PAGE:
Astronomers spot new city of stars

Astronomers have discovered 100,000 previously unknown stars in our own Milky Way. The huge haul of new suns lie together in a densely packed cluster, 30,000 light years away towards the centre of the galaxy.

Dirk Froebrich, of the University of Kent, and Aleks Scholz, of the University of St Andrews, Scotland, made the find with German colleague Helmut Meusinger.

They detected the new globular cluster using the European Southern Observatory’s New Technology Telescope on a mountaintop at La Silla, Chile. The stellar city is about seven light years wide, which is nearly twice the distance between the sun and our nearest star, Proxima Centauri.

Globular star clusters are like fossils of the early universe providing scientists with unique laboratory conditions to investigate various aspects of astrophysics. They represent groups of stars with similar ages, chemistry and distances. The newly-found cluster is thought to be around 10 billion years old and among the oldest objects in our galaxy.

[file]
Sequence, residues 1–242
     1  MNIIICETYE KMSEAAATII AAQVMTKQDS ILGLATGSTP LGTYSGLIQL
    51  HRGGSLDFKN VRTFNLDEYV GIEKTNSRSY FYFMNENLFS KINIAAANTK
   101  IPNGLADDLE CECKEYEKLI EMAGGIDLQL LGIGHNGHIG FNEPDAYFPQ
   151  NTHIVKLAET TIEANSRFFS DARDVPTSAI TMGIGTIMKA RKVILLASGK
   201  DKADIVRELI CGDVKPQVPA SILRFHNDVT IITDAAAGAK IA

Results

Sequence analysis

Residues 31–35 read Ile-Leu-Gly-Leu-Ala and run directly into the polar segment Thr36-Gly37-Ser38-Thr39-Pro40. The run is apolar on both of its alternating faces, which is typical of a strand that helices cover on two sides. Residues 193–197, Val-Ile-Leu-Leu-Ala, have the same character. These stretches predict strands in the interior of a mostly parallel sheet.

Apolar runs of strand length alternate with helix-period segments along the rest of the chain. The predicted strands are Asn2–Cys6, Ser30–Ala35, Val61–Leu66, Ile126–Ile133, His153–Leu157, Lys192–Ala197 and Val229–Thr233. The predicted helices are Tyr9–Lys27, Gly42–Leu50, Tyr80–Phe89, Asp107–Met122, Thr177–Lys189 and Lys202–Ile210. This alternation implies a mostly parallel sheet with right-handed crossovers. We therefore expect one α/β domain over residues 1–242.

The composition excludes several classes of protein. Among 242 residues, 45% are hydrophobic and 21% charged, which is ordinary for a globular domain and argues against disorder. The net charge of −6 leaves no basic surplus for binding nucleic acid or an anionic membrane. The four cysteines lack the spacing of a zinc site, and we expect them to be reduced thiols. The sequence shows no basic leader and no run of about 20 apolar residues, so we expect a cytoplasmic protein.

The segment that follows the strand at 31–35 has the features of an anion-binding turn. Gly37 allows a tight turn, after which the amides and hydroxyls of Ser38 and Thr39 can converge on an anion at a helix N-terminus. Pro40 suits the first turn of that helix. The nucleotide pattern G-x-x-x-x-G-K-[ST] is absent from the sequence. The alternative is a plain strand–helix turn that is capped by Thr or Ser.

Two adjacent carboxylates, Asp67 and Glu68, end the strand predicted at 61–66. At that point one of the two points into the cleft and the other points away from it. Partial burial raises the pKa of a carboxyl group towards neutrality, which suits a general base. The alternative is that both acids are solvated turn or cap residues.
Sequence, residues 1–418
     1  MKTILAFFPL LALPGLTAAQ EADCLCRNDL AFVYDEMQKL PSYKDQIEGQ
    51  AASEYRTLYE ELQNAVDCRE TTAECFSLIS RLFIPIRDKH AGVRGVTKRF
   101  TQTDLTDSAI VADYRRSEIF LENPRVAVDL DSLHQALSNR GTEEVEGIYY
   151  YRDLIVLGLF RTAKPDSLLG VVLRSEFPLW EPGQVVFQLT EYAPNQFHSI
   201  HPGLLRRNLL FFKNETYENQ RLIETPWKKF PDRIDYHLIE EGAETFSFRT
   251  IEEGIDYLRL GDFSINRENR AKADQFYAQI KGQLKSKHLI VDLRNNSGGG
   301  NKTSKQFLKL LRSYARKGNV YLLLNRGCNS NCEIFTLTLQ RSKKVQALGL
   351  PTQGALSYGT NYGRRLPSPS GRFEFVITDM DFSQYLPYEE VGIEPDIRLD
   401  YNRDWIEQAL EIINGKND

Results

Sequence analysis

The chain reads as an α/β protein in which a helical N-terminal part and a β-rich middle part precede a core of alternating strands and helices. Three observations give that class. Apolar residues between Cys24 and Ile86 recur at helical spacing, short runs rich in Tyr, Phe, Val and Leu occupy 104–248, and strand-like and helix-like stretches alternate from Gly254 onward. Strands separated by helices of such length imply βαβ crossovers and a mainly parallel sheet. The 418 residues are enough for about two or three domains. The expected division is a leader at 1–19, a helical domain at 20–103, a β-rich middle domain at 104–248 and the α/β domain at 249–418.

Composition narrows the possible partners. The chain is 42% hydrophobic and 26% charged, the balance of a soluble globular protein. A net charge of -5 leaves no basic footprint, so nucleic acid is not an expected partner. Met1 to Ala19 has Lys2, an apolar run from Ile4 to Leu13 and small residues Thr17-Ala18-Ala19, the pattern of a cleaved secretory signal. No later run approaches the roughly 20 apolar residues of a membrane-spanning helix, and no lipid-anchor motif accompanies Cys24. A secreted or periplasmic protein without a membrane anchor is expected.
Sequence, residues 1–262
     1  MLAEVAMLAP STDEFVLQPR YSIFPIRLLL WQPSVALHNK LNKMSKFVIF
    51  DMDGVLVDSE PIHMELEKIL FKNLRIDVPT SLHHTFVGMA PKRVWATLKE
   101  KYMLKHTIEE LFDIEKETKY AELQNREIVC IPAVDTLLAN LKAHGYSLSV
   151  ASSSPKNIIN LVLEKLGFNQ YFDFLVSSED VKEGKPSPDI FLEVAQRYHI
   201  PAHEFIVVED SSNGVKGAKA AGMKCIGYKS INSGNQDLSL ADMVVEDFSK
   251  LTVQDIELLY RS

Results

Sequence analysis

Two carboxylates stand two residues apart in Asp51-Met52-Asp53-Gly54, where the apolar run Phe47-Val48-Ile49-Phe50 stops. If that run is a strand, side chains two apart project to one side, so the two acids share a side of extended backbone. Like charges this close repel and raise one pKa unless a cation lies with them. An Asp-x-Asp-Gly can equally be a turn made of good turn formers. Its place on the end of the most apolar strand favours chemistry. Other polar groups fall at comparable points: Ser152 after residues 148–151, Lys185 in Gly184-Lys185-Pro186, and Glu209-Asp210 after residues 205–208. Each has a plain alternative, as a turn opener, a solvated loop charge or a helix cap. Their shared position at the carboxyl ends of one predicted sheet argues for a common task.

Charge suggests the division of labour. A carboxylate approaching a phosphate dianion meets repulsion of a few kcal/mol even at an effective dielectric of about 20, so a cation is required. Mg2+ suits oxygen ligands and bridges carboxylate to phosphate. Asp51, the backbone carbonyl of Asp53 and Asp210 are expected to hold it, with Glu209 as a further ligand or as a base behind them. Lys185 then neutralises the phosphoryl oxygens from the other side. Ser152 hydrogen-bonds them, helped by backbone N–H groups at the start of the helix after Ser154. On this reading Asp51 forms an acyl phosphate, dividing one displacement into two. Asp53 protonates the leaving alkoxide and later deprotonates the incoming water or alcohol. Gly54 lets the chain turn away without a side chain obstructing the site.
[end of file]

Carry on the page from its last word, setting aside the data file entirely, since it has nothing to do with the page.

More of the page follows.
Dr Froebrich said: “The properties of globular clusters are deeply connected with the history of their host galaxy. We believe today that galaxy collisions, galaxy cannibalism, as well as galaxy mergers leave their imprint in the globular cluster population of any given galaxy.

“Thus we hope to be able to use them as an acid test for our understanding of the formation and evolution of galaxies.”

Photo: ESO

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